“That is part of the beauty of all literature. You discover that your longings are universal longings, that you’re not lonely and isolated from anyone. You belong.”
— F. Scott Fitzgerald
I discovered this quote on good old Tumblr (You can find me here, if you’re interested), and I couldn’t restrain myself from whisper-shouting, “YES!!!”
All of us, at some point in our lives, have felt disconnected. Like there was nobody out there who could understand our thoughts, our actions, our inner lives… and there was absolutely no way we could verbalize them. And then along would come a book, be it a novel, a memoir, a biography, or even a scientific journal, that reached out and grabbed us by the shoulder, looked into our eyes, and said, “You’re not alone.”
For me, Mark Haddon’s incredible novel, The Curious Incident of the Dog in the Night-Time does it every time. Not because I struggle with autism, or even with a broken family, but simply because it is about a human triumphing over circumstances they have difficulty understanding, and then simply getting on with life, because that’s what you have to do.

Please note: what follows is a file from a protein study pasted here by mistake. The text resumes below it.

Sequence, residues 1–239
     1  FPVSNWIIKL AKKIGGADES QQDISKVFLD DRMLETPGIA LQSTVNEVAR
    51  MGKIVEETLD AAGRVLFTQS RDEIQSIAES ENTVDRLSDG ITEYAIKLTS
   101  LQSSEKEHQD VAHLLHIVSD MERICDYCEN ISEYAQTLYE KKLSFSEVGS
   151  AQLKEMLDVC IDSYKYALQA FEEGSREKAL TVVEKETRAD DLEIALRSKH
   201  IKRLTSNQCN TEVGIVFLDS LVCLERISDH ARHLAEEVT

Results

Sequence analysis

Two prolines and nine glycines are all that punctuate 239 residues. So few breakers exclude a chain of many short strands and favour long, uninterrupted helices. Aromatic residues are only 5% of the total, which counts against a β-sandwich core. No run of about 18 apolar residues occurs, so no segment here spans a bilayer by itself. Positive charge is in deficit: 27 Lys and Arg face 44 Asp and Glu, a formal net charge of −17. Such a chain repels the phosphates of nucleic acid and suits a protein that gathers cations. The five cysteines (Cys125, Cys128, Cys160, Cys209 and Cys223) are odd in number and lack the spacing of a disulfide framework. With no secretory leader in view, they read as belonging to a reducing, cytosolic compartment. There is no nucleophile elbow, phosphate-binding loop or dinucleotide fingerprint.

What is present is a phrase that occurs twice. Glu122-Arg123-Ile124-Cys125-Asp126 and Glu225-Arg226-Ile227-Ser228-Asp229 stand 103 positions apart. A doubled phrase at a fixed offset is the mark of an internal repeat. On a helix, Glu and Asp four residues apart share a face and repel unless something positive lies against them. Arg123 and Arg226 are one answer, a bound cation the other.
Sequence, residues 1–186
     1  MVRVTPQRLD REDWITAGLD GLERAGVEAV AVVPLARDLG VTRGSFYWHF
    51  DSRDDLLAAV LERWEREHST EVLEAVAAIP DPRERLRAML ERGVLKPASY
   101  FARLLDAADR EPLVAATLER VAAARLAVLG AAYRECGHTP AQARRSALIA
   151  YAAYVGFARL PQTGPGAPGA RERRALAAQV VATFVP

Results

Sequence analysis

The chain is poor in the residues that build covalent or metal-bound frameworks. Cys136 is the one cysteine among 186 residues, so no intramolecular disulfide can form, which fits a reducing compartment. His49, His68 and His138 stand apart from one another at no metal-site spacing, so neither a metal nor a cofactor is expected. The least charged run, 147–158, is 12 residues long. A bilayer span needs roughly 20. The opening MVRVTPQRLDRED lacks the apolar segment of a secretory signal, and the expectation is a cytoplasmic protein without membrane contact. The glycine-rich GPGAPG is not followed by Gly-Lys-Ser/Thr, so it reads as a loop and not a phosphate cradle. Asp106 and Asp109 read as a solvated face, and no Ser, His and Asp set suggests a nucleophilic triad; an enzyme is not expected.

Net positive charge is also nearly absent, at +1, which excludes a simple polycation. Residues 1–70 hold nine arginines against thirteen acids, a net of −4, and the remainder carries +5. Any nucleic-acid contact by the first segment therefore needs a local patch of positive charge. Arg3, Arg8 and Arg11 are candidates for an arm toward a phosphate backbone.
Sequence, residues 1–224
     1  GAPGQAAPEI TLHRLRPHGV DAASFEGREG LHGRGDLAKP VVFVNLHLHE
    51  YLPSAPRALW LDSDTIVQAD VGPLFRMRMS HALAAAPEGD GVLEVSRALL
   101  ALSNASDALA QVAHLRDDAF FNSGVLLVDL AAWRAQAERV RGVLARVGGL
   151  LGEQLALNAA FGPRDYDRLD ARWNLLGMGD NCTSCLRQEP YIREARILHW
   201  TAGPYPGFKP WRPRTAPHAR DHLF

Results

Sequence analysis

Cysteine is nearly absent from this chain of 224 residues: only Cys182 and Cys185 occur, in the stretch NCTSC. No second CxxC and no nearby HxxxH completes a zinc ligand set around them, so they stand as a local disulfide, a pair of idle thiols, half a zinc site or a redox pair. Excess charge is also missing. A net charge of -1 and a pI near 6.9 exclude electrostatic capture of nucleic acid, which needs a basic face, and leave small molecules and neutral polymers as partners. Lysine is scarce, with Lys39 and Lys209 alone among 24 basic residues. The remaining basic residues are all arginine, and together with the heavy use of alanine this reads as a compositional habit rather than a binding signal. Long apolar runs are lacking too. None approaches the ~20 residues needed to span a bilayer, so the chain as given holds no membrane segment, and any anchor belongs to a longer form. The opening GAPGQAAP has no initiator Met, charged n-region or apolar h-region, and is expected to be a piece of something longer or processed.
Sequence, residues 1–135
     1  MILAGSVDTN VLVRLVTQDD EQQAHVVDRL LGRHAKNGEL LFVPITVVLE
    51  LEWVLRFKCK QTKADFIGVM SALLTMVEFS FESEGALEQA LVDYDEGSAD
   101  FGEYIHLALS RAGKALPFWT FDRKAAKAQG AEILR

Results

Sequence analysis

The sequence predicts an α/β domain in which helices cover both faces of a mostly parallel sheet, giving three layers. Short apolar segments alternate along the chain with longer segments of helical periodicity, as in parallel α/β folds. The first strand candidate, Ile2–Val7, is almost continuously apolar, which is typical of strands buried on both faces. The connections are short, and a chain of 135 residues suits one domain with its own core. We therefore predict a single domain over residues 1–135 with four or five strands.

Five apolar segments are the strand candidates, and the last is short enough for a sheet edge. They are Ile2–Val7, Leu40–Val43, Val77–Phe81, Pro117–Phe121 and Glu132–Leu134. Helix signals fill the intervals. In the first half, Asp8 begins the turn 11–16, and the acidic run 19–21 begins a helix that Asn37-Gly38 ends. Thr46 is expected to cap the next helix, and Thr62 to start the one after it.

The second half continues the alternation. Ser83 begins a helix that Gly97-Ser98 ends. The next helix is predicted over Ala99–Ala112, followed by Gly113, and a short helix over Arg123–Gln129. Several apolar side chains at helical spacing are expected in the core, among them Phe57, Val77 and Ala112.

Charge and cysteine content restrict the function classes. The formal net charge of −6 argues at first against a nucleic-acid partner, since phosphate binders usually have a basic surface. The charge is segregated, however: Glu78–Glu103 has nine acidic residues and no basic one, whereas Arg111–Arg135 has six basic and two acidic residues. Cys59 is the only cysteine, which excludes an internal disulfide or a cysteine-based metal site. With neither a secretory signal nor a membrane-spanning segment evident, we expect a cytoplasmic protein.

Another author that encourages me in this way is P.G. Wodehouse, because he saw the silliness of the world, and delighted in it.
It makes me so grateful to the authors who struggled to put their own longings and loneliness into words, or were observant enough to translate them for other people.
Maybe that is part of the reason why we write. To put into words the things that are so hard to express. To reach out to another person, even hundreds of years after our time, and find a connection with them.
What books, authors, or even songs or movies, have made you feel like you weren’t alone?